Worldwide there are 160 genera and 1452 recognized species (January 2017) (Sesiidae.net
Moths often resemble wasps and bees in coloration and marking.
Wings elongate, often transparent owing to the lack of scales.
Most of the larvae are borers in the limbs, trunks, bark, or roots of trees, shrubs, herbs and vines. Some bore in galls on woody or herbaceous plants. Majority of adults take nectar. (3)
Females signal they're ready to mate by emmiting a sex attractant. After mating eggs are deposited singly on the host plant. After hatching the larvae quickly bore into the host. Pupation usally takes place the following season. Before pupating, the larva constructs the exit gallery and exit hole leaving a thin layer of tissue to conceal the opening. Some species pupate underground. Many species have a two year life cycle. (3)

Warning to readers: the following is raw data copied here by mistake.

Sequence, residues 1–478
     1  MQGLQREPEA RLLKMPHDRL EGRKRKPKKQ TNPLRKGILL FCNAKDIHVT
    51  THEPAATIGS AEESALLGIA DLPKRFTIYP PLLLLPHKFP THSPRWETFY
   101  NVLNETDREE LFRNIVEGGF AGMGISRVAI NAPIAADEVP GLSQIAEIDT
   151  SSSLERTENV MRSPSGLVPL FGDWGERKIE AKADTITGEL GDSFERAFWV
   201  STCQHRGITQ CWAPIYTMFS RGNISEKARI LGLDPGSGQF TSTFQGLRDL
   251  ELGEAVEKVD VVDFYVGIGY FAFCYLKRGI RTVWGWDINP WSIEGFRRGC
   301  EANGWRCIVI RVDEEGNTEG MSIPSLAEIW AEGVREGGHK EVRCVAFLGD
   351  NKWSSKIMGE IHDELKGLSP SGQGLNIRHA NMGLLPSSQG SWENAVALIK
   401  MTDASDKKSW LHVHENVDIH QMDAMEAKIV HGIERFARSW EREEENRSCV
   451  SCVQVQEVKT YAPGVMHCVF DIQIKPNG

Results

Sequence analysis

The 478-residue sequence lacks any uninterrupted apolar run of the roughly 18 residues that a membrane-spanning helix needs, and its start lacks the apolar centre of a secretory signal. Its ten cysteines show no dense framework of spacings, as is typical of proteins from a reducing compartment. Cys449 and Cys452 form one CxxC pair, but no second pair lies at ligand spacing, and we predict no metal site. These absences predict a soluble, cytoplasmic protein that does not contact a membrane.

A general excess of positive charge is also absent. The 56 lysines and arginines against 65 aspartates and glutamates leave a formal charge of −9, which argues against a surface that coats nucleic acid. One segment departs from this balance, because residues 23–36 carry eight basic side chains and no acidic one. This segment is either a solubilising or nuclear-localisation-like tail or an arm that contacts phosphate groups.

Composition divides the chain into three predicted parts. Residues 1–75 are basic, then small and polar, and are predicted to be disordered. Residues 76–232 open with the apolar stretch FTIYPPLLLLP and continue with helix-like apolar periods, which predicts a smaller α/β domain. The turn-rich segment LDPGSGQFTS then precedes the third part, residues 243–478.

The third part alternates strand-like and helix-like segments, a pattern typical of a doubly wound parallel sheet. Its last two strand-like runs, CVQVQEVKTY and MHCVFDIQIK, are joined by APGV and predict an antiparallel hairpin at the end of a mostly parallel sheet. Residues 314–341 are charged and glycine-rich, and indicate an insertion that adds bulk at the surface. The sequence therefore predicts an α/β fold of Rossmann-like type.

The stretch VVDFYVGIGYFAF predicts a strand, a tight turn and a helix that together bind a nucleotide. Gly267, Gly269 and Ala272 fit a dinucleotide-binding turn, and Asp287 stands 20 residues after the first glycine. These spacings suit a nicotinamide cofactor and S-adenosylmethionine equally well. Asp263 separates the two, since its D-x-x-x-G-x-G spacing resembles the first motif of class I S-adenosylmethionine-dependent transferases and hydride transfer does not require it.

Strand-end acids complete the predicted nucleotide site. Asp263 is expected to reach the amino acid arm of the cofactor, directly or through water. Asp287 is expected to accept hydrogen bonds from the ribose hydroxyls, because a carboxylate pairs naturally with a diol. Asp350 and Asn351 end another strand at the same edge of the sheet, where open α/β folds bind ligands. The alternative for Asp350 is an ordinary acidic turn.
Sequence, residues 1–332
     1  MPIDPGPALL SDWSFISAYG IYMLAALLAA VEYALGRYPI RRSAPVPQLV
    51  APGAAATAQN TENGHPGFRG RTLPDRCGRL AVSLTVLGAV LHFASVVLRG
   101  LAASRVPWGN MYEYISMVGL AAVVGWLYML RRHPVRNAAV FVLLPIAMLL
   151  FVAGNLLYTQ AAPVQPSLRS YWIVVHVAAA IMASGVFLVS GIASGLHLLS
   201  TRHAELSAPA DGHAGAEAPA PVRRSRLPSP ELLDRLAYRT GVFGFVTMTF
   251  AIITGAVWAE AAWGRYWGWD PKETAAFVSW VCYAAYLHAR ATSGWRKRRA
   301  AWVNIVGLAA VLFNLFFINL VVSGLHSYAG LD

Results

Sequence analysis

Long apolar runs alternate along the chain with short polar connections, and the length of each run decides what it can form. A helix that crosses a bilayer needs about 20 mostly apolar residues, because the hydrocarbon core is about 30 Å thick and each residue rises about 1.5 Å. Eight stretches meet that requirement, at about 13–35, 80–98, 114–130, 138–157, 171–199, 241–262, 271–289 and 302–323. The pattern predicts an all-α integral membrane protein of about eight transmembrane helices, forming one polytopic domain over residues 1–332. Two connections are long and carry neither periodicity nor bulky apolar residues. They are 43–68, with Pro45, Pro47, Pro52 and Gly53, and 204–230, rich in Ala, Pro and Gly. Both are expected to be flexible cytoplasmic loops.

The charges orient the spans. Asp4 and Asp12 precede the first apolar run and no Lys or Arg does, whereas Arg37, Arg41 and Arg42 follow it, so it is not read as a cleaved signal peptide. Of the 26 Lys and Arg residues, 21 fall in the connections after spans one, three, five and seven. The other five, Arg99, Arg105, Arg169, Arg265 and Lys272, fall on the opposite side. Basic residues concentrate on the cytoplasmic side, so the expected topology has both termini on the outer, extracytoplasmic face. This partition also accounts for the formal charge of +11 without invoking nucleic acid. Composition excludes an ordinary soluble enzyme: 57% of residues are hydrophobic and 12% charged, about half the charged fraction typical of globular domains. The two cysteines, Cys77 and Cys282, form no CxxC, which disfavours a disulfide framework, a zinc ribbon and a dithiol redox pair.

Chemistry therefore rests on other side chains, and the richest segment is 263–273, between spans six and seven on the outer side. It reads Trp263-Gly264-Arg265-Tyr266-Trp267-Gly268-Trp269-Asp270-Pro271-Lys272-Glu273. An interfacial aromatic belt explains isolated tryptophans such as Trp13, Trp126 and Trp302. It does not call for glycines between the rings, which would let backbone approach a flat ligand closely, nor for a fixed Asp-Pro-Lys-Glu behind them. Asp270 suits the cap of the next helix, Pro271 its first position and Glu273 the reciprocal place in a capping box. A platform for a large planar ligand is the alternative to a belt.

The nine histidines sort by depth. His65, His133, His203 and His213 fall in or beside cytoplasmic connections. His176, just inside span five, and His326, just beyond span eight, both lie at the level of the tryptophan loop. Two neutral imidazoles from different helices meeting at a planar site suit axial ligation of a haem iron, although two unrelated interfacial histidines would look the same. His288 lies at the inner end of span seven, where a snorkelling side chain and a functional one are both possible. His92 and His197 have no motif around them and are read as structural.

Beutenmüller, W. 1896. Critical review of the Sesiidae found in America, north of Mexico. American Museum of Natural History 8(7): 111-148
Beutenmüller, W. 1901. Monograph of the Sesiidae of America, north of Mexico. Memoirs of the American Museum of Natural History 1(6): 218-352
, pl.29-36 (4)
Duckworth, W. D. and Eichlin, T. D. 1977. A classification of the Sesiidae of America north of Mexico (Lepidoptera: Sesioidea). California Department Of Food and Agriculture Occasional Papers in Entomology, 26 (5)
Eichlin, T.D & W.D. Duckworth 1988. The Moths of America North of Mexico, Sesioidea, Sesiidae, Fascicle 5.1. The Wedge Entomological Research Foundation. (6)
Engelhardt, G.P. 1946. The North American Clear-wing Moths of the family Aegeriidae. United States National Museum Bulletin 190: 1-222
, pl.17-32 (7)
- world checklist
U. of FL
. The Clearwings Borers of Florida